Threats to Biodiversity

Why is solid waste management important in controlling pollution?
Answered by Planet Green
  • Planet Green

    Planet Green

  1. Before we can answer this question, let's define solid waste. Fair warning, it encompasses a lot of stuff. Just look at this definition of solid waste from New York State's Department of Environmental Conservation: "Solid waste means any garbage, refuse, sludge from a wastewater treatment plant, water supply treatment plant, or air pollution control facility and other discarded materials including solid, liquid, semi-solid, or contained gaseous material, resulting from industrial, commercial, mining and agricultural operations, and from community activities, but does not include solid or dissolved materials in domestic sewage, or solid or dissolved materials in irrigation return flows or industrial discharges that are point sources subject to permit ... or source, special nuclear or by-product material as defined by the Atomic Energy Act of 1954." Whew! What a mouthful!

    New York state helpfully shortens that definition as follows: "any discarded (abandoned or considered waste-like) materials. Solid wastes can be solid, liquid, semi-solid or containerized gaseous material." Tires, scrap metal, thrown-out appliances and cars, empty aerosol cans and latex paints are just a few examples of solid waste [source: New York State Department of Environmental Conservation].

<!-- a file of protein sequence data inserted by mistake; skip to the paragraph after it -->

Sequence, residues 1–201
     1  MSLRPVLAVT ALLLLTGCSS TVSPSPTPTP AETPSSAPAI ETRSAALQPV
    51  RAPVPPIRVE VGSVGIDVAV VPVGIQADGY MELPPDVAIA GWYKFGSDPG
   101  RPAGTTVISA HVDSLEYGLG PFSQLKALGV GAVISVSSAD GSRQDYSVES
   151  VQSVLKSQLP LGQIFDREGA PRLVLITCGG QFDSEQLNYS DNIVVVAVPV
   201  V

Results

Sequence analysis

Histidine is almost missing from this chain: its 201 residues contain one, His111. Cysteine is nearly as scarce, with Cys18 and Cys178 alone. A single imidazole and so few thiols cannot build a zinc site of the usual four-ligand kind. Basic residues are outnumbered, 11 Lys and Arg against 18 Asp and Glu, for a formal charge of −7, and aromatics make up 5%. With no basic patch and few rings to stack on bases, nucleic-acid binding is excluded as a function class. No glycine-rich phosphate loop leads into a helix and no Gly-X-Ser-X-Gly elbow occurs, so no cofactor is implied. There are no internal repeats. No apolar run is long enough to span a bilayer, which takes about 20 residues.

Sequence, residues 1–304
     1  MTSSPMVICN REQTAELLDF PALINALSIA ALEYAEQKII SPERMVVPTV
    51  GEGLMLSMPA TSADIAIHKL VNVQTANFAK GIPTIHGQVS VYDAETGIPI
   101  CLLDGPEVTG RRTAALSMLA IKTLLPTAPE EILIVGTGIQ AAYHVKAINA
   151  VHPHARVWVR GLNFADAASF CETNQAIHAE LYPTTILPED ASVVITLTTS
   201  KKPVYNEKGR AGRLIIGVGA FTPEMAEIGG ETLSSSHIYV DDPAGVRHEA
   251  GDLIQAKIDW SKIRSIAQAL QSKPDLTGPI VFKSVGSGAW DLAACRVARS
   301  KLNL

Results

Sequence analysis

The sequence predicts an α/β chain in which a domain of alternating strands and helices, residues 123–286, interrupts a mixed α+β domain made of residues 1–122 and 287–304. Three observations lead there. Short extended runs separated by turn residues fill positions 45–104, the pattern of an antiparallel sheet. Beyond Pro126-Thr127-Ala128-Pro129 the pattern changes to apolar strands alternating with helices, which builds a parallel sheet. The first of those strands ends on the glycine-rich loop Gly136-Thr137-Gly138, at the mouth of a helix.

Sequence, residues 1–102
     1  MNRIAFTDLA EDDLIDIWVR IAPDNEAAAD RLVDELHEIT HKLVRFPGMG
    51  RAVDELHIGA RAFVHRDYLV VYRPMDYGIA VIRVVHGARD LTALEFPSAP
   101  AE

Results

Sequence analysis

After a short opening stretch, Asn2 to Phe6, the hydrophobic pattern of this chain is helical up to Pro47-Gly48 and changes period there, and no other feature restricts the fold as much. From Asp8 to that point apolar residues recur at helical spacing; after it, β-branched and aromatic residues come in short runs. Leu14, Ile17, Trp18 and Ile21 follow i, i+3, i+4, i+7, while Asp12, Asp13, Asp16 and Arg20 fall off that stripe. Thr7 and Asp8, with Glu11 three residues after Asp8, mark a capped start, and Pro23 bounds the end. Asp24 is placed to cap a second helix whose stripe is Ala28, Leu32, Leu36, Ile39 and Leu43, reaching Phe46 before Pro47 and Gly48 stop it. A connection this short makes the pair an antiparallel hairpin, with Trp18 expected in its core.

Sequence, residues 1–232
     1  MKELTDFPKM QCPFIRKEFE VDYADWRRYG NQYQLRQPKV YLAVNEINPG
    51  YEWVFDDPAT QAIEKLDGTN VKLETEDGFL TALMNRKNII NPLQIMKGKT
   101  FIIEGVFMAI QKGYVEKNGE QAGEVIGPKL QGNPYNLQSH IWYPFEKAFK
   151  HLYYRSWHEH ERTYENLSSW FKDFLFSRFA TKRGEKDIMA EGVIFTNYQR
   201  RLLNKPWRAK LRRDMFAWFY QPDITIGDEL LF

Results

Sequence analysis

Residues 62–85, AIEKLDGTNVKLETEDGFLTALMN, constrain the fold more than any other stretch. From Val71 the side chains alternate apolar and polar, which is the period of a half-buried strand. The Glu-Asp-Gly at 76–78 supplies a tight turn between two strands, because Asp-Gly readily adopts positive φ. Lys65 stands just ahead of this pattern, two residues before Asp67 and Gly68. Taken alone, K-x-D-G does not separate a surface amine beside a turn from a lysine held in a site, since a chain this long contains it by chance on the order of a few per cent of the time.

Now that we know what it is, we can address why properly managing solid waste is so important in controlling pollution. Consider that the United States consumes roughly 50 percent of our planet's industrial raw materials. Solid waste disposal -- necessary, as it has to go somewhere -- can pollute the air, water and land. Open waste dumps take up precious land and can harm it in the process; dumping solid waste into water can ruin the water source and harm its ecosystem; and garbage incinerators pollute the air. Modern packaging is made to be attractive, convenient and durable, but it uses up natural resources and creates non-biodegradable waste. To help deal with this mountain of a problem, many communities are recycling, or gathering and reusing, glass, plastic, paper and metal.

    More answers from Planet Green »

Still Curious?
  • What natural problems contribute to amphibian decline?

    Answered by Discovery Channel

  • What is smog?

    Answered by Planet Green

  • Why is amphibian health important to our environment?

    Answered by Discovery Channel


What are you curious about?

Image Gallery